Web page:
The death of President Yasser Arafat on 11/11/2004 and his funerals, separate two stages in the history of the Palestinian people; a long one traced by him, and a new one that started lately, and which aspects are difficult to define. All Palestinian forces agree on the fact that this is a dangerous stage, because it is a transitional one.
It would be difficult for Arafat’s successor to fill the void left by the leader of the Palestinian revolution. He would have to carry a heavy burden of a lifetime of struggle. The new authority will face internal and external obstacles, the most important being Fatah, the weakness of the security systems and peace forces, in addition to Hamas and Al Aqsa Martyrs Brigades’ insistence on refusing to stop military actions and the militarization of the Intifada. As for the two main external obstacles, they consist of:
-First, the Israeli Prime Minister’s stance from the Palestinian people and the peace process. The members of the Palestinian political regime are convinced that Sharon’s antagonistic position from peace and Arabs is based on a radical ideological conviction, and on historical complexes. If we closely observe Sharon’s attitude, we would see that he always searches for alibis to maintain his positions; thus, he would deploy every possible effort to provoke the Palestinians and kindle confrontations.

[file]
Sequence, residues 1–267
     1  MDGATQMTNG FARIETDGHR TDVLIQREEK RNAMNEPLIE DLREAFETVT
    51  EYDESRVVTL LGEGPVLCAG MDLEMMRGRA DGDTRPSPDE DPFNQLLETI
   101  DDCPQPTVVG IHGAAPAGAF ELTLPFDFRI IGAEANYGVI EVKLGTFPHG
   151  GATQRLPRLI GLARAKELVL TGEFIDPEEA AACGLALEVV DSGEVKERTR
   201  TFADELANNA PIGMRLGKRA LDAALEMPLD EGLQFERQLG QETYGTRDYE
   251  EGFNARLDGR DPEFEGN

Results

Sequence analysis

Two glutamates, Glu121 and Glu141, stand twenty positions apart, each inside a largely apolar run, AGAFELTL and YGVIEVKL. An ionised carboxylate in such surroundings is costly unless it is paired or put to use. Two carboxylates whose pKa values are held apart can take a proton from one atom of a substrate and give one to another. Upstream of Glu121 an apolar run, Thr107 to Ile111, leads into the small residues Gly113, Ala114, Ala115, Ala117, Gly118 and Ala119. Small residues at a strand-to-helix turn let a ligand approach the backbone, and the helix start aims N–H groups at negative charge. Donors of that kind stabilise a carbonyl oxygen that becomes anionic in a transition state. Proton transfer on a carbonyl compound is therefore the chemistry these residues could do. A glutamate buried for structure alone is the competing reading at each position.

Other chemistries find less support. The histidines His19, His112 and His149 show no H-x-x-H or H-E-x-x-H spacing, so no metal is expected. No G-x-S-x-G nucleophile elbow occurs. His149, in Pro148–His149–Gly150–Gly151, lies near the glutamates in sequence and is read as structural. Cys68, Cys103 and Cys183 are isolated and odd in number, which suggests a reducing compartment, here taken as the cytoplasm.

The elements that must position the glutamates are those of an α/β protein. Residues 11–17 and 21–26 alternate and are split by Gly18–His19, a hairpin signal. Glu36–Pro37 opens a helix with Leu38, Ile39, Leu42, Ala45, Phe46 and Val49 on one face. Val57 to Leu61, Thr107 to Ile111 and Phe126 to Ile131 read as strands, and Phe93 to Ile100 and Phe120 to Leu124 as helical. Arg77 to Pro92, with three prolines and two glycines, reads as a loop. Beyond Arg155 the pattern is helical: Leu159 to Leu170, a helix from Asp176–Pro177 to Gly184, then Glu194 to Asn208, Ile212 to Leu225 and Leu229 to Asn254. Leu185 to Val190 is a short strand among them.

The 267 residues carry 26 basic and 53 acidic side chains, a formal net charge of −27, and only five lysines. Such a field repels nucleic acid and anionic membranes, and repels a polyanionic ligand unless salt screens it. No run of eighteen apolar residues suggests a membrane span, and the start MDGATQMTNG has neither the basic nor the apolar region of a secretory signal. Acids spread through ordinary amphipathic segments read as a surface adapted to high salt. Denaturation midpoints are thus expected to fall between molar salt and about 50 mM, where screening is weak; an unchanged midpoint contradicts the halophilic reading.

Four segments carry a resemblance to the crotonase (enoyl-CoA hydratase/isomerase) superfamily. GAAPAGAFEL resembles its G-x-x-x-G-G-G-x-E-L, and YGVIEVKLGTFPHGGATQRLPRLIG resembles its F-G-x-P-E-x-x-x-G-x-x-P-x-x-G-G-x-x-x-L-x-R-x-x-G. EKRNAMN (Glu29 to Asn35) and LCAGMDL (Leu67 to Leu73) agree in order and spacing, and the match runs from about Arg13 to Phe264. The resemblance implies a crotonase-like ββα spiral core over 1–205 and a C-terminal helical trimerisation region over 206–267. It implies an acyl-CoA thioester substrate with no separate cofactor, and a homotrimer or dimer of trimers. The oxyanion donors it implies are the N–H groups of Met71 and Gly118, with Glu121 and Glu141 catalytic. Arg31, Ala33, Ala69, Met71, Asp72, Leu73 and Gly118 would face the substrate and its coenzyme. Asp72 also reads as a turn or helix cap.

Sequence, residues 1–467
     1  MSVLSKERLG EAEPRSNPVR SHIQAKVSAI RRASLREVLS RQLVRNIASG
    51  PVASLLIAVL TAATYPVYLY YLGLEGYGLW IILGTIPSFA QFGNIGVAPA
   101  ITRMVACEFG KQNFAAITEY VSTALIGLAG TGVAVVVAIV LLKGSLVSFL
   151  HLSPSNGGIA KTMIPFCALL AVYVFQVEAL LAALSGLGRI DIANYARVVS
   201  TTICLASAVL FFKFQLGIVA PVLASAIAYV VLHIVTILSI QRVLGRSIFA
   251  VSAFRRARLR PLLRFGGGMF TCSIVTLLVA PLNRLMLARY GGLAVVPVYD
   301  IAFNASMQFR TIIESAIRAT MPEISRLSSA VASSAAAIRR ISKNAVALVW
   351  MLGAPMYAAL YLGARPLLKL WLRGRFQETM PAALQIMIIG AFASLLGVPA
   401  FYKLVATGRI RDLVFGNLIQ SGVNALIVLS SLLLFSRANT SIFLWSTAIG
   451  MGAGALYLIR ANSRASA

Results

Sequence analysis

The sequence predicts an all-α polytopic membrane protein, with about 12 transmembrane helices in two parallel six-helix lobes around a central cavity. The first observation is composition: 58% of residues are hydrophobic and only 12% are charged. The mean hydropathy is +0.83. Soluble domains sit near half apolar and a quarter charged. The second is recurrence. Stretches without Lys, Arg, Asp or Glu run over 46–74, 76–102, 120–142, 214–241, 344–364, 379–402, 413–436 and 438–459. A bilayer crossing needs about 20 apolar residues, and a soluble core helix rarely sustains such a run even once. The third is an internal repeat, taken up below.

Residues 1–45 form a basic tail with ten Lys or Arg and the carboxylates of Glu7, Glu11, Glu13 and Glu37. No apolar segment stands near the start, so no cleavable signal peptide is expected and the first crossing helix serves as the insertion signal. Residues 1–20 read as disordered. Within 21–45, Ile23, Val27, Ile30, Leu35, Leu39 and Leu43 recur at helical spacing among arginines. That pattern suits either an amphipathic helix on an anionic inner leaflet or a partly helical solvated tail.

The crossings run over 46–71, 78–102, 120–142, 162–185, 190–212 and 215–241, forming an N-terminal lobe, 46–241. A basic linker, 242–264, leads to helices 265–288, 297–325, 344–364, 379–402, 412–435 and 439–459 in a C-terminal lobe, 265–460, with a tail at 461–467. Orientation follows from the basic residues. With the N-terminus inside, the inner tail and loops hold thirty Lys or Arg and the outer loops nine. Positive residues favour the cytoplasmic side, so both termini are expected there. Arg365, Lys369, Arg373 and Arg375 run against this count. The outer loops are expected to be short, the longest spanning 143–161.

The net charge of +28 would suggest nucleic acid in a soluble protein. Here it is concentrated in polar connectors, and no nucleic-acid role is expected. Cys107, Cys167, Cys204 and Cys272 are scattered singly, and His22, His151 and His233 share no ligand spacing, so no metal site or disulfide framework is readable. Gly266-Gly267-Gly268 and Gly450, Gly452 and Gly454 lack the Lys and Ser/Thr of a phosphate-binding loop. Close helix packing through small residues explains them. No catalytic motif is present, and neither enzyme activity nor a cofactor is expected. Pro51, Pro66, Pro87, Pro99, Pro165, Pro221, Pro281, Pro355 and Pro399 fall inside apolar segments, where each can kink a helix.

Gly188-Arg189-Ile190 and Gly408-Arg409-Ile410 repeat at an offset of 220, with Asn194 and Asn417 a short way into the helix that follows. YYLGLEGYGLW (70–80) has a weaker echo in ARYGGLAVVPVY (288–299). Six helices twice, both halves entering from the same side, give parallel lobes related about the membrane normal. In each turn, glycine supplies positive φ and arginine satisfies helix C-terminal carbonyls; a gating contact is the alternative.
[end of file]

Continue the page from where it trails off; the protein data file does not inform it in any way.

It is evident that Sharon is not eager about the democratization of the Palestinian situation, and seeks to undermine the Palestinian elections. He hopes that a Palestinian suicide attack would take place, in order to use it as a cover for more violent actions. He knows that resuming negotiations and security collaboration would oblige him to carry out essential modifications to his plans.
-Second, the stance of George W. Bush and the members of his administration, who always support Sharon and his government. In his second mandate, Bush will maintain his previous policy concerning the Middle East, which means sticking to the radical Right wing.
Whoever thinks that Arafat’s death would lead to a change in the U.S. support for Sharon would be mistaken. Needless to say that Powell’s visit would not be fruitful, and nothing would hold Sharon back from undermining the elections of Arafat’s successor.
*Mr. Nawfal is a Palestinian writer from Ramallah.